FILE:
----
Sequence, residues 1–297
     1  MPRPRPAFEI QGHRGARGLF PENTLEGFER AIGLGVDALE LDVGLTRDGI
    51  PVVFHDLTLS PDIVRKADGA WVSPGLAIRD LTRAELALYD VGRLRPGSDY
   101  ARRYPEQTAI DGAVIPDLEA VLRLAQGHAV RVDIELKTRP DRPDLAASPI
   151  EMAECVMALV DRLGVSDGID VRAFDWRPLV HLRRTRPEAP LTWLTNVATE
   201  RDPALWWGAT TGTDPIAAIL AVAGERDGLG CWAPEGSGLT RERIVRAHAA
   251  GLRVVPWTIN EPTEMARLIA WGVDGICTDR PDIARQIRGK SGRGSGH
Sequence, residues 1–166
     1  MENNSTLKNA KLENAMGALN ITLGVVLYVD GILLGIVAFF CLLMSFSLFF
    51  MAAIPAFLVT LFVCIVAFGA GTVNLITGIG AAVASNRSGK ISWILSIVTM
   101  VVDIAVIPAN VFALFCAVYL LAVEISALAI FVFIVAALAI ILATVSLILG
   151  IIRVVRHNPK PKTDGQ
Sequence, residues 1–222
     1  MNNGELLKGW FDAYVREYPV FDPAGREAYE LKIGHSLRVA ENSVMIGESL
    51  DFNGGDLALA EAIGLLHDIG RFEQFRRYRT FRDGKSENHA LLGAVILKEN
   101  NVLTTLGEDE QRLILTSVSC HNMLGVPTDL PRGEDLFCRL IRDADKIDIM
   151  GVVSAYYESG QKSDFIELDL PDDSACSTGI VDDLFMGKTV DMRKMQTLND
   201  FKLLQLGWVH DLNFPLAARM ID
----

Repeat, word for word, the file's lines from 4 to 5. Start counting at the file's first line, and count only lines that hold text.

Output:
   101  ARRYPEQTAI DGAVIPDLEA VLRLAQGHAV RVDIELKTRP DRPDLAASPI
   151  EMAECVMALV DRLGVSDGID VRAFDWRPLV HLRRTRPEAP LTWLTNVATE